Robin Williams and James Wolk
Comebacks are big news this fall — James Spader enjoyed one on Monday with the splashy premiere of NBC's The Blacklist — and nowhere is this more true than on Thursdays, with three high-profile comedy vehicles for beloved stars from sitcoms past. And while conventional wisdom has long suggested that it's easier to create new stars on TV — Sleepy Hollow's Tom Mison, anyone? — than to build new shows around old favorites, what really matters is giving them material that lives up to the billing.
Robin Williams, Sarah Michelle Gellar
On the set of The Crazy Ones, it's all fun and games until Robin Williams starts riffing on colonoscopy videos. Then things just go batty. "I bet you haven't seen one in HD and 3-D," he says, waving a DVD. "I'll get you a copy overnight. Hold on, I'll call Fecal Express."
Thirty-two years after uttering his final "nanu nanu" on Mork & Mindy, Williams is back in manic mode on a primetime half-hour comedy, this one from Ally McBeal and Boston Legal creator David E. Kelley. Williams plays...
Even though Hamish Linklater's character on The Newsroom is at the center of the season's slowly unfolding disaster known as "Genoa," the actor has a hard time accepting his character as a villain.
"He's just a true believer who thinks he's on the side of the angels, and that's why he does what he does," Linklater tells TVGuide.com of his character, Jerry Dantana. "But what was great was that they didn't push me into twirling my mustache or being sort of an obvious bad guy."
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Shortly after Jerry came to New York to sub in for Jim (John Gallagher Jr.), he received a tip about "Operation Genoa," a mission during which the United States allegedly used sarin gas on civilians while extracting two captured Marines...
Jeff Daniels, The Newsroom
When Aaron Sorkin's cable news drama The Newsroom returns for its second season Sunday, things will look a little different.
"We broke one of our own important rules," executive producer Alan Poul tells TVGuide.com. "In the first season, we said there are no fictional news stories. ... We did very well with the 'What's the breaking news story going to be this week?' template, but we had some concern that would get a little bit old. [But] if we had one story that could serve as the through-line on which we could still hang our current event stories, that would give this season an essentially different character."
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Enter "Operation Genoa," a story about a military scandal that could "make careers and end presidencies." There's just one problem...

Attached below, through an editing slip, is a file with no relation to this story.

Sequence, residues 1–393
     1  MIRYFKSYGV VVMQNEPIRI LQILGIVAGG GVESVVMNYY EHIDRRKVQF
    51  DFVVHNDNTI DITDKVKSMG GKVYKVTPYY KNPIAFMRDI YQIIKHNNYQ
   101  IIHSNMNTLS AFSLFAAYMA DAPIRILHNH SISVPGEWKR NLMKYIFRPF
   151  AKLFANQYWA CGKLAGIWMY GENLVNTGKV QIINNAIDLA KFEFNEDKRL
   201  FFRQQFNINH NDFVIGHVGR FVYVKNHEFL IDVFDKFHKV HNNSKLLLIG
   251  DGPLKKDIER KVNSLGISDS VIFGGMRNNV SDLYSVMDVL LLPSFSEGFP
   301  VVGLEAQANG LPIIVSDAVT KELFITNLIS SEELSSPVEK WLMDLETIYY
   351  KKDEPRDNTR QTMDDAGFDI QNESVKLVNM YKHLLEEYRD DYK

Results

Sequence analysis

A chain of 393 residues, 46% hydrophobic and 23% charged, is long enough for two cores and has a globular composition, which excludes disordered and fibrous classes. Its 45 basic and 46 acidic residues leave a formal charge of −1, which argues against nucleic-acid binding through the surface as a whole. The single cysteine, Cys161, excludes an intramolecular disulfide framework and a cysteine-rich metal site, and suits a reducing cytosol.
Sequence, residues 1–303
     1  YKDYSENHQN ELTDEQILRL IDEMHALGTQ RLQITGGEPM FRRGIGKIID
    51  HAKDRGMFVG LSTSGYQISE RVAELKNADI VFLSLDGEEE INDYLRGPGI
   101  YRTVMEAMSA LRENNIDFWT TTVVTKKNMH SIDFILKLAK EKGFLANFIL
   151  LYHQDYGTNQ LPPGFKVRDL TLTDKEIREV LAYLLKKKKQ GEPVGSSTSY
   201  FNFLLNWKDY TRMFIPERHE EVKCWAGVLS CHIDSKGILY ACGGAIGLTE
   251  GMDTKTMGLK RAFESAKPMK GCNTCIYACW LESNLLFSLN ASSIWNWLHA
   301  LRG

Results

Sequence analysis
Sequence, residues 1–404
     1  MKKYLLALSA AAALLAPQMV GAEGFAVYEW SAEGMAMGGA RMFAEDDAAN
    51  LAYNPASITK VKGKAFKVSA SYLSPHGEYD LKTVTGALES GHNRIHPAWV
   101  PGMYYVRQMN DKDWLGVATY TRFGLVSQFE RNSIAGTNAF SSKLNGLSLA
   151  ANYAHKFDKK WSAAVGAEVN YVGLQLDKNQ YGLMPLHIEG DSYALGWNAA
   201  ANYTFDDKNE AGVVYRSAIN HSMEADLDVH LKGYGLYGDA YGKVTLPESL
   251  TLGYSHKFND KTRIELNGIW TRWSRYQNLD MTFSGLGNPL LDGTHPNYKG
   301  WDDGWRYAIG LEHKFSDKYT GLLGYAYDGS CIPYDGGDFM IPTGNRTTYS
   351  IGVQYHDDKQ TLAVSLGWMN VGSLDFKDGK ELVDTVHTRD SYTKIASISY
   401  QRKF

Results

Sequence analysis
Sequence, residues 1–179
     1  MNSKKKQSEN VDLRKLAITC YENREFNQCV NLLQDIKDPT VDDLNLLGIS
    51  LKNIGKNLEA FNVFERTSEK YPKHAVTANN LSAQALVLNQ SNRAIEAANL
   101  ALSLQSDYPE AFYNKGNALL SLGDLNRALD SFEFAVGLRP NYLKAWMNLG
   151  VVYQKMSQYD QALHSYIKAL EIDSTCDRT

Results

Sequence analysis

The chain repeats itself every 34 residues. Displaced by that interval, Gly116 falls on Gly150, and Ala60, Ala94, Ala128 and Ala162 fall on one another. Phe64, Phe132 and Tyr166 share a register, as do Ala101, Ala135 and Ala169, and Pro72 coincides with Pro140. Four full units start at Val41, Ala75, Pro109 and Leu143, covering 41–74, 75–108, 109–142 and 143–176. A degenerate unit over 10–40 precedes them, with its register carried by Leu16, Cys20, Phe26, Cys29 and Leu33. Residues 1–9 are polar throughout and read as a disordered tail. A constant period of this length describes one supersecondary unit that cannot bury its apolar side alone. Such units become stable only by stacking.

With back-to-back Sundays devoted to the Super Bowl and the Grammys, CBS has enjoyed a spectacular February so far. This Sunday, the only week in February with no major TV event — next Sunday belongs to ABC and the Oscars — the network's ratings will no doubt come back down to earth. But two of CBS' Emmy-winning crown jewels take center stage, and in one case shouldn't be missed.
Hitting the 300-episode benchmark is an impressive achievement for any series, but by the standards of the Law & Order franchise, SVU still has a ways to go before it approaches, let alone overtakes, the longevity of the still-missed mothership, which clocked more than 450 hours before NBC's abrupt pulling of the plug two years ago.
There will soon be a new face in the Department of Justice on The Good Wife.
New Adventures of Old Christine star Hamish Linklater has landed a guest spot on the CBS legal drama that could potentially turn into a recurring role, TVLine reports.
Off the Map's Mamie Gummer, The New Adventures of Old Christine's Hamish Linklater and Smash's Brian D'Arcy James will guest-star on The Big C this season, Showtime announced Friday.
Gummer and Linklater will play a young couple ...
Interesting episode title and interesting episode. And by interesting I mean excellent, as usual.I like that we spent some serious time with Olive this week. I know many of you love her, and tonight we got a little glimpse into Olives past. Since shes so short 4' 11" to be exact it would make sense that she was a jockey in a former life. Shes one of the sports best and brightest until a tragic accident brings her career to an end. When Olives jockey friends start going to that big racetrack in the sky, Olive knows she needs Emersons help to discover whats really going on. Shes afraid the ghost of John Joseph Jacobs (Hamish Linklater) is returning to kill every jockey who crossed the finish line in the race that cost him his life. Turns out his witchy (with a b) mother (Barbara Barrie) has been impersonating him on a horse that breathes fire, no less to revenge the earnings and glory her son lost in that race...
Question: Can you please explain to me why Two and a Half Men garnered as many Emmy nods as it did? I tried watching an episode and couldn't even make it through the full 30 minutes! I mean no offense to Charlie Sheen, Jon Cryer, Holland Taylor or Conchata Ferrell, but are we supposed to believe that all four turned in Emmy-worthy performances? I can see why the show has viewers (it's an easy, no-thinking-required program), but all the Emmy attention has me totally perplexed. The show is like macaroni and cheese: comforting and dependable, but you don't give it a gold ribbon. I guess I'm lashing out because Gilmore Girls was consistently ignored, while shows I see as dreck receive accolades. So, Matt, if you could please enlighten me about this issue, I'd really appreciate it — it's just not healthy to be this angry about a TV show.
Answer: This one doesn't bother me so much. I think there should be room on the list for at least one traditionally produced comedy (as in: filmed